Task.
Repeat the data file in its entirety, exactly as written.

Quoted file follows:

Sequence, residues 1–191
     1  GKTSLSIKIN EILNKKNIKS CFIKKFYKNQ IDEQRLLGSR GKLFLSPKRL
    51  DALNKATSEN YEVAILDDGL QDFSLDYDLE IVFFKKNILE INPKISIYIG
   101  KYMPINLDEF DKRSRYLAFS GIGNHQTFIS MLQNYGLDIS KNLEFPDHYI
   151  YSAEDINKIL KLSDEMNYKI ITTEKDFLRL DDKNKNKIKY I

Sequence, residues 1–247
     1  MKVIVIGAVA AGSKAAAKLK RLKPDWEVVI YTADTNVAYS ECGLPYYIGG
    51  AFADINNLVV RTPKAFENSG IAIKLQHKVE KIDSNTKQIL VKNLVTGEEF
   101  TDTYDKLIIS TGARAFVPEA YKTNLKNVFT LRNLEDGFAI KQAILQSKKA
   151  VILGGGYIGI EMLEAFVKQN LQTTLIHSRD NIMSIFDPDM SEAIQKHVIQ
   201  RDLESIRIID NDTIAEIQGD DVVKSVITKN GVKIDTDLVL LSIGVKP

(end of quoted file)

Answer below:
Sequence, residues 1–191
     1  GKTSLSIKIN EILNKKNIKS CFIKKFYKNQ IDEQRLLGSR GKLFLSPKRL
    51  DALNKATSEN YEVAILDDGL QDFSLDYDLE IVFFKKNILE INPKISIYIG
   101  KYMPINLDEF DKRSRYLAFS GIGNHQTFIS MLQNYGLDIS KNLEFPDHYI
   151  YSAEDINKIL KLSDEMNYKI ITTEKDFLRL DDKNKNKIKY I

Sequence, residues 1–247
     1  MKVIVIGAVA AGSKAAAKLK RLKPDWEVVI YTADTNVAYS ECGLPYYIGG
    51  AFADINNLVV RTPKAFENSG IAIKLQHKVE KIDSNTKQIL VKNLVTGEEF
   101  TDTYDKLIIS TGARAFVPEA YKTNLKNVFT LRNLEDGFAI KQAILQSKKA
   151  VILGGGYIGI EMLEAFVKQN LQTTLIHSRD NIMSIFDPDM SEAIQKHVIQ
   201  RDLESIRIID NDTIAEIQGD DVVKSVITKN GVKIDTDLVL LSIGVKP